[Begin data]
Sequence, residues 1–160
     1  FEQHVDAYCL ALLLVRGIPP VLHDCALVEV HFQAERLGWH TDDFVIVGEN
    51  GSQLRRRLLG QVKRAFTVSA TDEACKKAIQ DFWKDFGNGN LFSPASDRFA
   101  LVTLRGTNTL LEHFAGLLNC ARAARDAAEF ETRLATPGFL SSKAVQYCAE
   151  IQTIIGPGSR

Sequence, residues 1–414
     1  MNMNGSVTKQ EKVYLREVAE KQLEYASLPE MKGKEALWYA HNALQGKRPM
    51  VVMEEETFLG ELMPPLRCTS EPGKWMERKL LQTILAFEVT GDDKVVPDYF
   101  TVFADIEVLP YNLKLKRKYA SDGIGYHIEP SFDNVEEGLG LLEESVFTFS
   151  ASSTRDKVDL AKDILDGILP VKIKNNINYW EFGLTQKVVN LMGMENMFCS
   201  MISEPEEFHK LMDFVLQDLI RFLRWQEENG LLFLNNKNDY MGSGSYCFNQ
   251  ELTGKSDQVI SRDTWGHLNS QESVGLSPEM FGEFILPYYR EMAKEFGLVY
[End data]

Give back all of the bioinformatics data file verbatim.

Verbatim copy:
Sequence, residues 1–160
     1  FEQHVDAYCL ALLLVRGIPP VLHDCALVEV HFQAERLGWH TDDFVIVGEN
    51  GSQLRRRLLG QVKRAFTVSA TDEACKKAIQ DFWKDFGNGN LFSPASDRFA
   101  LVTLRGTNTL LEHFAGLLNC ARAARDAAEF ETRLATPGFL SSKAVQYCAE
   151  IQTIIGPGSR

Sequence, residues 1–414
     1  MNMNGSVTKQ EKVYLREVAE KQLEYASLPE MKGKEALWYA HNALQGKRPM
    51  VVMEEETFLG ELMPPLRCTS EPGKWMERKL LQTILAFEVT GDDKVVPDYF
   101  TVFADIEVLP YNLKLKRKYA SDGIGYHIEP SFDNVEEGLG LLEESVFTFS
   151  ASSTRDKVDL AKDILDGILP VKIKNNINYW EFGLTQKVVN LMGMENMFCS
   201  MISEPEEFHK LMDFVLQDLI RFLRWQEENG LLFLNNKNDY MGSGSYCFNQ
   251  ELTGKSDQVI SRDTWGHLNS QESVGLSPEM FGEFILPYYR EMAKEFGLVY